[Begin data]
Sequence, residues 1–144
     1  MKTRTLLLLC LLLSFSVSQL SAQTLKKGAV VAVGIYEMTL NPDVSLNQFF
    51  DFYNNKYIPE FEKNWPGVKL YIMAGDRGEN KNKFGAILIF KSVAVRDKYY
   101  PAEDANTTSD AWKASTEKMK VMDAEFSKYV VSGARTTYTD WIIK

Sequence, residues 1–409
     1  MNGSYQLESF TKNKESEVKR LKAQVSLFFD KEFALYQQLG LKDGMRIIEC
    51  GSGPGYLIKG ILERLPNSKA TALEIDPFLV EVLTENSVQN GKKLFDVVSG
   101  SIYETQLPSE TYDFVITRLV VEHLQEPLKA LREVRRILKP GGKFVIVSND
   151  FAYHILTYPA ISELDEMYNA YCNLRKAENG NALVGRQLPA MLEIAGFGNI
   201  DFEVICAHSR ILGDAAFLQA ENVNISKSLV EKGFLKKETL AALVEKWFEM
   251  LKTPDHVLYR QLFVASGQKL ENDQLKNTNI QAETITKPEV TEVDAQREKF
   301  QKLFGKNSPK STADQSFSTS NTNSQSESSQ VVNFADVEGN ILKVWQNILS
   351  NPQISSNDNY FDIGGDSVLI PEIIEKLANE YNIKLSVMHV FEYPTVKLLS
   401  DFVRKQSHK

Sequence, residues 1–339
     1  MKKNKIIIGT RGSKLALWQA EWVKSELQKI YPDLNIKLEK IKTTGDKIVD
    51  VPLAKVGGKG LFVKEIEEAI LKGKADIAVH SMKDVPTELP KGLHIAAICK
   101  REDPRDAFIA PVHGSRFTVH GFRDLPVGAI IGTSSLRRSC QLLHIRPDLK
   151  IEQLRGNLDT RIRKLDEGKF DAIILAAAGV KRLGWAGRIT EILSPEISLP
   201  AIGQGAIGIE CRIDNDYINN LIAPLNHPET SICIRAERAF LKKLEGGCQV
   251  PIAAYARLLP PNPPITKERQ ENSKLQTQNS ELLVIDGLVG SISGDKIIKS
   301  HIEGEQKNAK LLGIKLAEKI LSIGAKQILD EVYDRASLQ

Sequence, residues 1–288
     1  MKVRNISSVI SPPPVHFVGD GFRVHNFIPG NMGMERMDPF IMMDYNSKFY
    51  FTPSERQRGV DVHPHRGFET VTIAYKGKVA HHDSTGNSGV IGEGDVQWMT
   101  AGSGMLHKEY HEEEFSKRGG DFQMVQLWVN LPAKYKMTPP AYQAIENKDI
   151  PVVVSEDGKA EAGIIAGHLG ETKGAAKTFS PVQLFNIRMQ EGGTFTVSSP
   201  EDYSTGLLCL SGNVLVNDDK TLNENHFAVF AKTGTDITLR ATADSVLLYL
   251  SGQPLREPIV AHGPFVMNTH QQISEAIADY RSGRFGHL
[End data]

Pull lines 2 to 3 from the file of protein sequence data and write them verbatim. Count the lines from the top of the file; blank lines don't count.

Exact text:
     1  MKTRTLLLLC LLLSFSVSQL SAQTLKKGAV VAVGIYEMTL NPDVSLNQFF
    51  DFYNNKYIPE FEKNWPGVKL YIMAGDRGEN KNKFGAILIF KSVAVRDKYY